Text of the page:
But even those who said they had access to markets reported behavioral changes such as eating cheaper food and smaller quantities, with 22% of survey respondents saying they had gone a full day without food in the 30 days before the survey and 67% a reduction in variety their diet as a coping strategy (up from 56% in February).

Tragically, the most widespread negative food consumption behaviors were primarily employed by the most vulnerable—lowest-income households, younger respondents, mixed and single-parent households, and Spanish-speaking migrants.

And regional concerns about meeting spending are growing across the board.

“For the first time in five surveys in more than two years, not being able to meet food needs, along with meeting basic needs, was people’s top concern (48%), followed by unemployment (36%),” says Joseph Cox, Assistant. Secretary-General for Economic Integration, Innovation and Development at the CARICOM Secretariat.

As households continue to grapple with the effects of the pandemic, they face the interconnected challenge of meeting their food, energy and financial needs.

CARICOM, WFP, FAO, CDEMA and other partners are working together to increase resilience to shocks through stronger disaster management, social protection and food systems that are more efficient, sustainable and responsive in meeting the needs of those most affected by crises.

And with more than two-thirds of respondents expressing negative or very negative feelings about their current financial situation, broad and aggressive approaches are essential to solving the region-wide crisis.

“CARICOM recognizes that further interventions are necessary to reduce the level of need in the region and establish systems that facilitate sustainable access to nutritious food for all,” says Cox.

Guyana, under the leadership of its president, Dr. Muhammad Irfaan Ali has been given a leadership role in strengthening food security at the regional strategic level and ambitious plans are underway to reduce the region’s $4 billion food imports by a target of 25% or $1.2 billion by 2025. .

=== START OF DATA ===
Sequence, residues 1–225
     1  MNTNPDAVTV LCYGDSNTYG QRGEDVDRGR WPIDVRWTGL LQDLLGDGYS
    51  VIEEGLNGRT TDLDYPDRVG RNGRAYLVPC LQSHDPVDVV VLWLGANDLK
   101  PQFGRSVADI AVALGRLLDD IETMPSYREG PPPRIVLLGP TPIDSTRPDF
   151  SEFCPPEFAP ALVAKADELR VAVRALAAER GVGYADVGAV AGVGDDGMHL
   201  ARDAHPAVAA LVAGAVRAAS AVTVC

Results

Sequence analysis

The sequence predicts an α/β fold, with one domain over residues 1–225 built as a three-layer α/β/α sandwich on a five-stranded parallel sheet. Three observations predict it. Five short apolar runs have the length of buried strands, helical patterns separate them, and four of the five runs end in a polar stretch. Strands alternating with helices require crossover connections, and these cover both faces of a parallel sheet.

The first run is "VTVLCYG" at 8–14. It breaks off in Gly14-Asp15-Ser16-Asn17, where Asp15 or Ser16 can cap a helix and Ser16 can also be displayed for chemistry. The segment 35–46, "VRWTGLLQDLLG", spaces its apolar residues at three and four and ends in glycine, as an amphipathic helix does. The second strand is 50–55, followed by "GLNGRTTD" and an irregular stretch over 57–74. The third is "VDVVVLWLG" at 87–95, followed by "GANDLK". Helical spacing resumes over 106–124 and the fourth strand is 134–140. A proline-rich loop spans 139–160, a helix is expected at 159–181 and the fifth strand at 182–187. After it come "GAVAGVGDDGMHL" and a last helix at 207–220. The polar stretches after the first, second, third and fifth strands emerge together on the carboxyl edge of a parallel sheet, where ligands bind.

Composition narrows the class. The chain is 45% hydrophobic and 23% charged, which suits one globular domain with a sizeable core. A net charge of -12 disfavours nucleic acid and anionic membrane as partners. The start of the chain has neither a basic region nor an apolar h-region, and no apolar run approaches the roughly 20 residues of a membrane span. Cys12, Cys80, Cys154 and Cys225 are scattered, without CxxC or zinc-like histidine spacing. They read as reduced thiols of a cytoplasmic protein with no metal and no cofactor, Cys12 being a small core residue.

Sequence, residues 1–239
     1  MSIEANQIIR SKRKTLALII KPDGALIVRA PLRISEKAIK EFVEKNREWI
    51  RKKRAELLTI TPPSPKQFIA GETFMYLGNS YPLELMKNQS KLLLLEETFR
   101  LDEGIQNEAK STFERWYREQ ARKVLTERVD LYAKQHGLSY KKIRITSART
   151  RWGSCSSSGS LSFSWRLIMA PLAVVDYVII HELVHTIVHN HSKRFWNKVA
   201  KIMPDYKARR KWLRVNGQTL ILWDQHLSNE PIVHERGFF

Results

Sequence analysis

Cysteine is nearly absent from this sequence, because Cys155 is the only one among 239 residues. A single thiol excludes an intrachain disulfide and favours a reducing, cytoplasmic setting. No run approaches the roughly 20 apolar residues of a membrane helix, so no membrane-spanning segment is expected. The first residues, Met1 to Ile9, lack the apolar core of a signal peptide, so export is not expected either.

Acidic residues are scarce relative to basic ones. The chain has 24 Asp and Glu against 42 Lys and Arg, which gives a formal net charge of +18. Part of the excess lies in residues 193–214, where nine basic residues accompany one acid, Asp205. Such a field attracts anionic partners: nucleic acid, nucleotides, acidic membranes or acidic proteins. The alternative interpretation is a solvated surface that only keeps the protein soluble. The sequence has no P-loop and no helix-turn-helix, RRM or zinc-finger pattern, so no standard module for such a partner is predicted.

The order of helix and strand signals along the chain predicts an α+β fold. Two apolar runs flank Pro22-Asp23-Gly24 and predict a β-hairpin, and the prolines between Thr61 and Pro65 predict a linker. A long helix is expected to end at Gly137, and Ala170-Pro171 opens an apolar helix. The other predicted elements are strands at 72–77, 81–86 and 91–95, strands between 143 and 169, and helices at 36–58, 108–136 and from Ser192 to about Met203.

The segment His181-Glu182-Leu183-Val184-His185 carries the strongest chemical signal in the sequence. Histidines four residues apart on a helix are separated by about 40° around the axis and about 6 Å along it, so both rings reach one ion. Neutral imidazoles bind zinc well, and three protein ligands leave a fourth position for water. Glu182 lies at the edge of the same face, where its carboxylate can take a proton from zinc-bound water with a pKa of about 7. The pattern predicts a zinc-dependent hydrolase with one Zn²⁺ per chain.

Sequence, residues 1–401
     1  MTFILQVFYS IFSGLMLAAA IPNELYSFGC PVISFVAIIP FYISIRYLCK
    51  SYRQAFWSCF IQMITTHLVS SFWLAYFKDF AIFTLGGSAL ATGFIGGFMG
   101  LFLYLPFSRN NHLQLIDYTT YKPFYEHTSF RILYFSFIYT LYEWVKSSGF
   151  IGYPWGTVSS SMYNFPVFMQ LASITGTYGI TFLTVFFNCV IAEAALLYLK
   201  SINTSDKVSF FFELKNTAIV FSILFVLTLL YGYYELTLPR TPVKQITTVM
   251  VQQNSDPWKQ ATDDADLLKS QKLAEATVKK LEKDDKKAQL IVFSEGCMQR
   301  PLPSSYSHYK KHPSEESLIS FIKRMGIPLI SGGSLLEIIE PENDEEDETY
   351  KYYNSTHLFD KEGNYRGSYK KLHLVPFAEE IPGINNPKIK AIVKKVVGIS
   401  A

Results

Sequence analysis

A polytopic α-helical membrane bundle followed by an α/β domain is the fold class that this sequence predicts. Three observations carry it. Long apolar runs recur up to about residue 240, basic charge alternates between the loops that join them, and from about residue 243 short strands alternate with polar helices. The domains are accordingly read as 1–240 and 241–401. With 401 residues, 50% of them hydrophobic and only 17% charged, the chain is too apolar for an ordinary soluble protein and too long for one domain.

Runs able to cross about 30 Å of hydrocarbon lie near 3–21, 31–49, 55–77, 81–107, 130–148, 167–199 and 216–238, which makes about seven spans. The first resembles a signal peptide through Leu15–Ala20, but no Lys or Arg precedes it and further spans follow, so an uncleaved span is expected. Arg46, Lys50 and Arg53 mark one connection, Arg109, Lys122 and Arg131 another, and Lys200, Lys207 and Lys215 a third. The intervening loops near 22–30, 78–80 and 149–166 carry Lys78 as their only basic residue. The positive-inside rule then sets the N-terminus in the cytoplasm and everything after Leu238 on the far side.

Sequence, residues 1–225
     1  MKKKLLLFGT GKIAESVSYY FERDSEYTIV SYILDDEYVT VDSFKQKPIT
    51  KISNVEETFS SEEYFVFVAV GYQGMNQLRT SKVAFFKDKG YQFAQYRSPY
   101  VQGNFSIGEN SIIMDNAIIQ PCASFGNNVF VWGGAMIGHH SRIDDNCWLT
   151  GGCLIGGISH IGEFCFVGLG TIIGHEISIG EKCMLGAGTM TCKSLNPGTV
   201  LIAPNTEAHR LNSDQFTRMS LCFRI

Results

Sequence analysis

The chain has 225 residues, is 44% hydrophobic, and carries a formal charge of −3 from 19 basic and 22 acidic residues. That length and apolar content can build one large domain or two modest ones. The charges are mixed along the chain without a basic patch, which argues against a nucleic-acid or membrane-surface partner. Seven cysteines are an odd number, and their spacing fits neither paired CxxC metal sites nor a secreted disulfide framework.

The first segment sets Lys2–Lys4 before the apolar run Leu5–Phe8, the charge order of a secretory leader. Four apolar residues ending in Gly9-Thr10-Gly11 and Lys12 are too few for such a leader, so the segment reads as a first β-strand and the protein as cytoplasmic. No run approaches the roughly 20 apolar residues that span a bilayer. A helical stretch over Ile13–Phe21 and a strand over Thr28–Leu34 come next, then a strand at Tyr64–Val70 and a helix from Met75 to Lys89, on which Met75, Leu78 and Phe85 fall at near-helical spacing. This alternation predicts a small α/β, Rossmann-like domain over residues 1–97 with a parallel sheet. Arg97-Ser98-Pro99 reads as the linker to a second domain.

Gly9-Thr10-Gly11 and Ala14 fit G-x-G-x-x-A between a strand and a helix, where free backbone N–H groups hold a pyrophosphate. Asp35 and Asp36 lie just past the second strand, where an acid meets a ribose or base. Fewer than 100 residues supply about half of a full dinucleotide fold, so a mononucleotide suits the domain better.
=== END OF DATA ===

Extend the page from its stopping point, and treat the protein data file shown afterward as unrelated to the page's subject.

The plans focused on expanding regional food production while also addressing logistical issues, which many identified as the main reason for high import rates.

“Leaders in the region are actively working with decision-makers in all relevant sectors to find solutions to increase food production and reduce import dependency within the region to reduce food costs,” says Cox.

Regional governments and NGOs are also addressing issues related to suboptimal participation in the agricultural sector, improving nutrition, and redirecting regional consumption patterns in climate change adaptation and mitigation, among a myriad of other food system priorities.

“It’s not enough that we produce more food,” says Clarke. “We need to manufacture smarter, based on a better analysis of where the market opportunities lie and make sure we are well organized enough to take advantage of those opportunities.”

Organizations like WFP help directly address livelihood impacts by supporting and helping to improve and innovate national social protection systems, making them smarter, more responsive and more resilient in the face of crisis.

Nationally, in terms of social protection, more than one in five survey respondents reported receiving some form of assistance from their government in response to the impacts of the pandemic. However, investment in data is essential to developing better social protection programs that include everyone, and especially the most vulnerable. This was one of the objectives of WFP’s support to regional institutions and national governments.

And there has never been a better time to push through aggressive changes.

The economic prospects for food security of net importing countries such as those in the Caribbean have been affected by shock after shock, hitting the most vulnerable the hardest; rather than following with response after response, the message is clear – building resilience is now more important than ever.

“Information is key because it helps us plan better and take better action,” says Clarke. “Information from this series of surveys has helped us galvanize political action in the Caribbean and within the donor community to address vulnerability and food insecurity during this painful, protracted and increasingly complex crisis.”